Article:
Battery Park Playground Fails Safety Test, But Wins First Place for Mascot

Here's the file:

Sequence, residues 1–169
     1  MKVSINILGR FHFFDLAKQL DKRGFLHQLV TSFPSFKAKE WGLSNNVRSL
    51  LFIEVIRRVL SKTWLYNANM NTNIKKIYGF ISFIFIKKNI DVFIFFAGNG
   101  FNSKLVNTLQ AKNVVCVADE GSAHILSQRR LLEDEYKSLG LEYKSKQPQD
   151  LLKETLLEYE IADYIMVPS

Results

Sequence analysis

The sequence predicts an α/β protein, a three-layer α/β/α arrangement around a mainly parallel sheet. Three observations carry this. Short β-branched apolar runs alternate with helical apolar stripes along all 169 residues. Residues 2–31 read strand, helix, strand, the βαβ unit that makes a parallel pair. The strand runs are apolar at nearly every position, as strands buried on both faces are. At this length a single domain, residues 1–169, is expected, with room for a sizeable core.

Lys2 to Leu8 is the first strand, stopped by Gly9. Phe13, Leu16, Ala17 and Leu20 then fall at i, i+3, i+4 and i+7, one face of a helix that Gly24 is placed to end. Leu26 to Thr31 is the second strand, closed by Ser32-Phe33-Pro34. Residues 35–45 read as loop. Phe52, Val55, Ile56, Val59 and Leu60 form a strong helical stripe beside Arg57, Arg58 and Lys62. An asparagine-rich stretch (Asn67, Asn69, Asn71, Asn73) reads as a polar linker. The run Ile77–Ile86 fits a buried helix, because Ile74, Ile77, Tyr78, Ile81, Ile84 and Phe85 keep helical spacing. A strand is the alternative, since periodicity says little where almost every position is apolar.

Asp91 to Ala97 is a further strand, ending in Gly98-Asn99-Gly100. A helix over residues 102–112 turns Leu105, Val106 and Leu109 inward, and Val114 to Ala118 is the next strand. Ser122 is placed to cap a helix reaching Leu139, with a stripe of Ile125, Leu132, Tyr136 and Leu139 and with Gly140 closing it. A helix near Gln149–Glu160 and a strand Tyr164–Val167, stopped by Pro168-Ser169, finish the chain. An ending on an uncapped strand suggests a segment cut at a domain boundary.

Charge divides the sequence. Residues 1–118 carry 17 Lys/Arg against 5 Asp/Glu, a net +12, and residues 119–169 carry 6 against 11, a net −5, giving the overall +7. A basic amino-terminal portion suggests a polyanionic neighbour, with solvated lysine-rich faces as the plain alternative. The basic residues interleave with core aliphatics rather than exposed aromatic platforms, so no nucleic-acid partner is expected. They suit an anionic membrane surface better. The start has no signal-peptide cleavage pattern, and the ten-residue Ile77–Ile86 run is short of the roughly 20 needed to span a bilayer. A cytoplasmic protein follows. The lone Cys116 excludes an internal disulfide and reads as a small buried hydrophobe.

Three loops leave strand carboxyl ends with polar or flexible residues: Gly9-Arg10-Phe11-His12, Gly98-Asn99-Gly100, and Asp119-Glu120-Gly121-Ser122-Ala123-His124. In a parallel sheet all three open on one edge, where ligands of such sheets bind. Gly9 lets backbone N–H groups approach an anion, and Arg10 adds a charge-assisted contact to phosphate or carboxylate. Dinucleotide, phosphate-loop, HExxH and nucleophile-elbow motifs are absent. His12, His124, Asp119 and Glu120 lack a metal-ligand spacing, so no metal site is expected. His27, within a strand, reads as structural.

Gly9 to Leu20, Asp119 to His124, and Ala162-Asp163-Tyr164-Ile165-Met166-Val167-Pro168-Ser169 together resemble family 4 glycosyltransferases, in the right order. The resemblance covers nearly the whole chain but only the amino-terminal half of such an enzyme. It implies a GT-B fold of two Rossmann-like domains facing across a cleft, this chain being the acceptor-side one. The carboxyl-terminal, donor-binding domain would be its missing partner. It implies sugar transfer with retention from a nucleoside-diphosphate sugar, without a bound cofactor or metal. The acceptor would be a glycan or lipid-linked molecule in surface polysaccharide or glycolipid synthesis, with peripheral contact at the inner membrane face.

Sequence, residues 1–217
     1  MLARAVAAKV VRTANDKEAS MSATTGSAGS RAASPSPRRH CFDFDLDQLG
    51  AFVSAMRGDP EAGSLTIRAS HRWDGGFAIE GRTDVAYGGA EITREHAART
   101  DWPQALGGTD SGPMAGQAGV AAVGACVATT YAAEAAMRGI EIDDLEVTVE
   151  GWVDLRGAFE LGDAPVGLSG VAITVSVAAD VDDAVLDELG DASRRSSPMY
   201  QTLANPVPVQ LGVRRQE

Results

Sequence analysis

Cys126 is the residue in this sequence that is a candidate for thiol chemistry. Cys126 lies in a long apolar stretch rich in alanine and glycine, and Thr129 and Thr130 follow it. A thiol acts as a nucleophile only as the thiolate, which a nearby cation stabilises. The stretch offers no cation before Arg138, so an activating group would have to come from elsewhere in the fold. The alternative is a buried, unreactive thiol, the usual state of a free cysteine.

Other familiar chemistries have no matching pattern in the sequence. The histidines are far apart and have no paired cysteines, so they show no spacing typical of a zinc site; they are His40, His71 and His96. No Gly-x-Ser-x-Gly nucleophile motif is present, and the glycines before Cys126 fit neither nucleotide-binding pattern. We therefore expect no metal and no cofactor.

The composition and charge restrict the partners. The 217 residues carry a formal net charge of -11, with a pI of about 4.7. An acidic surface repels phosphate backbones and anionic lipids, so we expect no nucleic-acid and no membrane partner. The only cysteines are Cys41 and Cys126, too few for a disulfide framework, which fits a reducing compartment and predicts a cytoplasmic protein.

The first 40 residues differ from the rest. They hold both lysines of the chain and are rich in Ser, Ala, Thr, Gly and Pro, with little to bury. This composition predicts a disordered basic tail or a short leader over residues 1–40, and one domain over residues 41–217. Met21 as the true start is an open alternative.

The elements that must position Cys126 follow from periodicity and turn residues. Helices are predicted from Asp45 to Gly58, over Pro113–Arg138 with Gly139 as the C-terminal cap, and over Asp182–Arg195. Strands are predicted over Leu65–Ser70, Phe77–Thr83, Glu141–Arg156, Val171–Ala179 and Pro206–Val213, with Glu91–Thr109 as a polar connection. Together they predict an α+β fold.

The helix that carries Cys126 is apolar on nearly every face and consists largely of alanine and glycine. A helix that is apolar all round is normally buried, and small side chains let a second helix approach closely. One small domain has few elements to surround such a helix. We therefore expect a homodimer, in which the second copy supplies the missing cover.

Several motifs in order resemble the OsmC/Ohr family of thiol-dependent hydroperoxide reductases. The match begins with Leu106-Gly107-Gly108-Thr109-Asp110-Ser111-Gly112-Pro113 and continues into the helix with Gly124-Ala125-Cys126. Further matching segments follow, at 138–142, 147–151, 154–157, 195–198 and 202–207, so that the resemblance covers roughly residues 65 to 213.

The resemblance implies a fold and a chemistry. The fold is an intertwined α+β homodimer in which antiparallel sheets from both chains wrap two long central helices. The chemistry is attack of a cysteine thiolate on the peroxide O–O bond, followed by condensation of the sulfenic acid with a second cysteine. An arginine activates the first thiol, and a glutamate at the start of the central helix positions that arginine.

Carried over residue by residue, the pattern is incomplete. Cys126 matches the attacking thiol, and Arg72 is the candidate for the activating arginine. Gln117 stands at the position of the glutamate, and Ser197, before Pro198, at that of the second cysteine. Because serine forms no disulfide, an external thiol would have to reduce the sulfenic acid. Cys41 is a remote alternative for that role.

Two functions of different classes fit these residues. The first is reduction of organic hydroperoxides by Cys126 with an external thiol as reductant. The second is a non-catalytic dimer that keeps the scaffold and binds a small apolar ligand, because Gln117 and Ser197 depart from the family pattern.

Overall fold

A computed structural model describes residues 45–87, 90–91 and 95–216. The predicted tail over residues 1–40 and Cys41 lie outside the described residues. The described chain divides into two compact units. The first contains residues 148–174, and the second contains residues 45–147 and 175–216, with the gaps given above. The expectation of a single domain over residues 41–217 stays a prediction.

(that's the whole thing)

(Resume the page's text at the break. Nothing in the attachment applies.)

A recent report gives the park poor marks for safety but points for its uniquecharacter By Nora Bosworth Battery Park's playground was one of the only in the city to receive a failing mark from the recent New Yorkers for Parks report, which surveyed 43 large parks throughout the five boroughs. But we think Zelda, the notorious wild turkey who has called the park her stomping ground for (at least) the last ten years, makes the space just perfect. The organization's report graded all its parks based on the following features: bathrooms, courts, drinking fountains, lawns, natural areas, pathways, playgrounds, sitting areas, trees, and water bodies. Each of the parts was judged for its maintenance, cleanliness, safety, and structural integrity. New Yorkers for Parks applied the same grading scale that is used in academia. Battery Park, which is the 22-acre stretch of land that spans the coast of the Financial District, got an 89. "The playground score decreased from 68 to 58 since 2010, due to persistent peeling paint on play equipment and aging, gap-laden safety surfacing," the report explains. The study also lauds the park for its waterfront, which received a perfect score. Yet it does not mention Zelda, who on Sunday was standing imperiously beneath one of the playground's tables, daring the pigeons to approach. It's not clear how long Zelda has reigned over Battery Park, though a New York Times' article from 2003 may be her first recorded sighting. "Few species would seem less likely inhabitants of an urban core, considering the wild turkey's ungainly size, its native habitat in woods, mountains and swamps, and its diet of berries, nuts and insects," the article reads. A park worker, (who wished to go unnamed due to the Park Department's policy forbidding employees to talk to the press), said they give her seeds, though he suspects her appetite is sated in other ways too. "I think she gets some food off the tourists," he explained, adding that visitors "seem to love her." It's rumored that Zelda got her name from Zelda Fitzgerald, F. Scott's wife. In the evenings the turkey roosts in the trees, and then comes down by day. "We'll come in the morning and see a blob up in the tree, and 9 times out of 10, that's Zelda," the employee said. He is not sure how long she's been around, but knows it's been at least seven years. Wild turkeys, in their natural habitat, have an average life span of 3 or 4 years. But Zelda appears to have a survivor's streak, reappearing after Sandy, to many people's relief. The playground, on the other hand, is still being reconstructed since the flooding. Despite its markedly low grade, the rest of the park compensated for the facility's relative disrepair - which, the report explains, is exactly the problem: due to the Park Department's limited resources, when one problem is solved, another pops up. Holly Leicht, the Executive Director of New Yorkers for Parks, calls it a "property management version of 'Whac-A-Mole.'" In fact, the report showed that overall New York City's parks have improved since the last report, which they published two years ago. 88 percent of the parks received A or B ratings. Nonetheless, Leicht has reservations about the positive findings. "Only by growing the budgetary pie can we expect NewYork's park system to be maintained at the high level of care we've come to expect in the past two decades," she concludes. Whether such a pie will grow amid the present economic conditions remains to be seen. In any case, go bring your child to Battery Park's playground - not to use the facilities, which are apparently unsafe, but to spot Zelda while she's still in her prime.
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